The Wolverine (2013)

the-wolverine-posterThe Wolverine

Rated M

Starring Hugh Jackman

 

In case you missed the memo that comic book movies were big at the moment, Hugh Jackman returns to the screen as the hairy, bare-chested mutant with the metal claws – Wolverine. This is Jackman’s 5th time on the movie screen playing Wolverine, 6th if you include his cameo in X-Men: First Class (7th if you imagine that Jean Valjean in Les Miserables is actually Wolverine slumming it in 19th century France like I do). And to be honest, I hated X-Men: The Last Stand and Wolverine: Origins. HATED. But I wanted to give this new Wolverine movie a shot. By setting the movie in Japan and downplaying Wolverine’s healing factor, it certainly got my interest raised.

My verdict? I enjoyed The Wolverine. It almost got me to forgive the makers of these films for those last two stinkers. Almost.

Need a crash course in all things Wolverine? All over the world, some people are discovering that they have an extra something special in their DNA which gives them super powers. These people are called mutants and generally speaking, people don’t like them. Think racism, except the people being persecuted can shoot lasers out of their eyes or spit acid. Logan is one these mutants – he can heal really fast and has a set of claws he can pop out of his hands. A secret military organisation kidnapped him and covered his bones and claws with a metal called adamantium and gave him the name Wolverine. So basically he’s really hard to kill and he’s got a bad temper to go with it. He started hanging out with a bunch of other mutants called the X-Men, but has been in hiding since he was forced to kill a fellow X-Man (Jean Grey) who he also happened to be in love with. And that’s where we begin The Wolverine. Logan is sleeping in the wilderness, hanging out with grizzly bears and being depressed. All that changes when an old acquaintance who is close to death summons Logan to Japan. He quickly finds himself embroiled in political machinations he doesn’t understand, on the run in a city he doesn’t know, trying to keep an innocent young woman from being killed by the Yakuza, and dealing with the fact that his healing factor doesn’t seem to work anymore.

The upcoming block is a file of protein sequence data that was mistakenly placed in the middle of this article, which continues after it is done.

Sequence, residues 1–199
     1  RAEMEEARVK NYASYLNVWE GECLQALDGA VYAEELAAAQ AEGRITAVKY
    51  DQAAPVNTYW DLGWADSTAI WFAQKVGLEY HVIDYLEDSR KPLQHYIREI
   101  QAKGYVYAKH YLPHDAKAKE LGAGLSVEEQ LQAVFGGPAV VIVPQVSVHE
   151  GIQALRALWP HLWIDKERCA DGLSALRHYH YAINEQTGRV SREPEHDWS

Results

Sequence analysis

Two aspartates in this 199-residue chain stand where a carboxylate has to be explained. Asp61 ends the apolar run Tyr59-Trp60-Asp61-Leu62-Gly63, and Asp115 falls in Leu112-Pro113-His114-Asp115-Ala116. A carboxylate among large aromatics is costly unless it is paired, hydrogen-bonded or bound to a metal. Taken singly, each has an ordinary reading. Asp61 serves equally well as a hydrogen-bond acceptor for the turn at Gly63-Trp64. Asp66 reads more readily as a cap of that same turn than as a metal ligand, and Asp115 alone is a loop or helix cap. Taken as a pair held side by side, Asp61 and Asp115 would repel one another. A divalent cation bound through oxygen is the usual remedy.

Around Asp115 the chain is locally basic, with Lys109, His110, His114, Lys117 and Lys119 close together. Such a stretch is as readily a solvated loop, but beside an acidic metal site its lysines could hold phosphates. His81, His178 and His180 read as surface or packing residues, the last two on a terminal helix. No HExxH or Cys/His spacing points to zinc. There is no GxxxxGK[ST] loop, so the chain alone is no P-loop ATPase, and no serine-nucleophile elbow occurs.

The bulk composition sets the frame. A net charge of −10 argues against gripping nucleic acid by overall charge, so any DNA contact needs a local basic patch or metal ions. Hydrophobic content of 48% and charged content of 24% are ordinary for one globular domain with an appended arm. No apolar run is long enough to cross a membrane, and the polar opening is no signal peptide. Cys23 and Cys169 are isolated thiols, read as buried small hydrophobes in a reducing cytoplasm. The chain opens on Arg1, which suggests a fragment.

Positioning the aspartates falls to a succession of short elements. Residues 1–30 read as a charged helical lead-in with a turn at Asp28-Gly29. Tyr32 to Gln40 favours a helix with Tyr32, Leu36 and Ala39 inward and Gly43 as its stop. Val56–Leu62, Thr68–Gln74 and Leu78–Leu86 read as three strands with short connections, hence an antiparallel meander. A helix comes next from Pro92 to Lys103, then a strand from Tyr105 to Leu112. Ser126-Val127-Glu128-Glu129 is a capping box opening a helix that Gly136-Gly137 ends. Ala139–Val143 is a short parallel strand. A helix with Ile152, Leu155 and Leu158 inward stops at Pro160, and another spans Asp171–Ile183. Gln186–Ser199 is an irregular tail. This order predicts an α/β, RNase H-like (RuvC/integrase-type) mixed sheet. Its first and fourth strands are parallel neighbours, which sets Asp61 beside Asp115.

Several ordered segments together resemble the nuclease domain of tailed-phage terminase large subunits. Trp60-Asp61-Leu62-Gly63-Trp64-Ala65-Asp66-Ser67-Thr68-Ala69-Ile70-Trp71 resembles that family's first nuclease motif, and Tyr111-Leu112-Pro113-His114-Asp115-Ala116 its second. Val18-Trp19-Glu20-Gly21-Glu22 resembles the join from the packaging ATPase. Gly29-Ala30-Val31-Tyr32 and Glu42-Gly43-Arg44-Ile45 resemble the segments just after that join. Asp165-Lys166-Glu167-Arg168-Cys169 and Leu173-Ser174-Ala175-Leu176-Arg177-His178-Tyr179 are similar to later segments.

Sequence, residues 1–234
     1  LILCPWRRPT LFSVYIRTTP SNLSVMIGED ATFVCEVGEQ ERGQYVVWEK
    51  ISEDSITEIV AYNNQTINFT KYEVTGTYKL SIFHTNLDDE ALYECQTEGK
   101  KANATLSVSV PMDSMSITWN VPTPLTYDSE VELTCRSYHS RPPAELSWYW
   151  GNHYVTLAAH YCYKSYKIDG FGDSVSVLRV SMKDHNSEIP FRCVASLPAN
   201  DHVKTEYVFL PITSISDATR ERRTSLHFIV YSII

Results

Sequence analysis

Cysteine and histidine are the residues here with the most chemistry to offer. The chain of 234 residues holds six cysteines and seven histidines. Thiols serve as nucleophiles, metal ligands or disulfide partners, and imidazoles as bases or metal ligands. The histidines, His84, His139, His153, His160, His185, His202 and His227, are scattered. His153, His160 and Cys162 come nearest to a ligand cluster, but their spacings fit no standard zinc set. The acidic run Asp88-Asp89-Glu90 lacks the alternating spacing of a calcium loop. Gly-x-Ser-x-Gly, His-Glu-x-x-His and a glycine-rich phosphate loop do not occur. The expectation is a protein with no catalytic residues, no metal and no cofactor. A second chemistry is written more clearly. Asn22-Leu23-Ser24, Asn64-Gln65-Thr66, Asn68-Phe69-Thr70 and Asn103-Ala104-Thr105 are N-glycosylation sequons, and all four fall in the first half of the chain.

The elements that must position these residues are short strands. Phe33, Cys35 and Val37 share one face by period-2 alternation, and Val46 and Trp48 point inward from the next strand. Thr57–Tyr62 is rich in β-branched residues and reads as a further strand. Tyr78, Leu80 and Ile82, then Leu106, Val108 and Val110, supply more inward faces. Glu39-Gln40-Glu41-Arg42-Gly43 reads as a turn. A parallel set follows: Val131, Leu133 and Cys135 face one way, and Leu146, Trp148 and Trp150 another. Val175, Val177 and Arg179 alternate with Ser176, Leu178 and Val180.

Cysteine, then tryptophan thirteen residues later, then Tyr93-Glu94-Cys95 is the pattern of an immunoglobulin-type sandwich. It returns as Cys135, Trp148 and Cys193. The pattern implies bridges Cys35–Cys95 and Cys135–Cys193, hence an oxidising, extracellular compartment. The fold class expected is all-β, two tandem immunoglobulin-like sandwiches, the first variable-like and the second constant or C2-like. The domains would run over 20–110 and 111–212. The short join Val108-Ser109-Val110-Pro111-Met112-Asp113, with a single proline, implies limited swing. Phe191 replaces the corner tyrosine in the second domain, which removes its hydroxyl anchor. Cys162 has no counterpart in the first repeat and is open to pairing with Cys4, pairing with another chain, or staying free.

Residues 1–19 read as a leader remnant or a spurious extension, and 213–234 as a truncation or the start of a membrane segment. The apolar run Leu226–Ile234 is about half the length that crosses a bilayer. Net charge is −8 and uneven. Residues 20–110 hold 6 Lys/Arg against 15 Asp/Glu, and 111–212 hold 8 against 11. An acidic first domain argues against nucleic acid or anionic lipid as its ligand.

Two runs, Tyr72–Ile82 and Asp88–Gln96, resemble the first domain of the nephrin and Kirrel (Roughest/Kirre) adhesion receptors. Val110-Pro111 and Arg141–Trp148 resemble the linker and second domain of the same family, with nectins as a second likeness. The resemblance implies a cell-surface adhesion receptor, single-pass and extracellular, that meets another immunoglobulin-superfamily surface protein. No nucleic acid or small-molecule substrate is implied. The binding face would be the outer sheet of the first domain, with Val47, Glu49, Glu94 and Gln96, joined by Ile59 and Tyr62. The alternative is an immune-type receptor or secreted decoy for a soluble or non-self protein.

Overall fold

The action sequences in The Wolverine are a vast improvement on those we saw in Wolverine:Origins. In that previous movie, the action seemed uninspired and boring. But in this new offering, we have ninjas on the streets of modern Japan and knife fights on top of a speeding bullet train. And because Wolverine doesn’t heal instantly from every bullet wound he receives, their a sense of danger in the air. Adding to that, Hugh Jackman does a great job in the title role. The movie rightly keeps his dialogue to a minimum and allows Jackman to show us Logan’s inner pain through his acting rather than his words. I was a bit disappointed with  the final act, however. All through the movie, the makers of this film have kept the movie relatively grounded – other than a fact that it has a guy with metal claws in it, this could be like any other (well done) action flick. But the final act? It feels like the makers suddenly remembered that this was supposed to be a superhero movie and brought in the giant robots and super powers. Don’t get me wrong, it’s well done superhero-y stuff. But I was enjoying my down-to-earth ronin on the run movie. It feels like the makers wanted to make that movie too and chickened out during the final stretch.

The Wolverine is a story of redemption. Logan is haunted by the tough decisions he has had to make over his long life. In response, he has retreated from the world but is still reminded of what he has done by the appearance of Jean, his deceased love, in his dreams. He feels like he is unworthy of forgiveness for his actions. However, being forced into action in Japan has a cathartic effect. He comes to accept who he is and fights on behalf of those who cannot fight for themselves. Just like Wolverine, we have can have sins in our past that we wish would just go away. Past deeds that still haunt us. In can sometime feel like our sin is too great for God to forgive. But because of the great sacrifice of Jesus, we can have redemption. Not through our actions, but through belief in Jesus. If you put your trust in Jesus and ask God for forgiveness, you will receive it. “If we confess our sins, he is faithful and just and will forgive us our sins and purify us from all unrighteousness.” (1 John 1:9)

Over the last couple of years, I’ve fallen in love with Japanese stories. And Wolverine, since his early comic book days, has been a character that has easily fitted into world of master-less ronin with black-clad ninjas hiding behind every door post. This is the kind of movie we don’t see often from the American movie studios and I hope it’s not the last. If you enjoy Hugh Jackman’s Wolverine or are a fan of action movies where there’s more to the plot than shooting a stabbing, The Wolverine is a movie worth checking out.

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About Joel A Moroney

Associate Minister at St Luke's Anglican Church, Liverpool (in the Sydney Diocese). A very strange man, but he usually has Pez, so that makes it okay.
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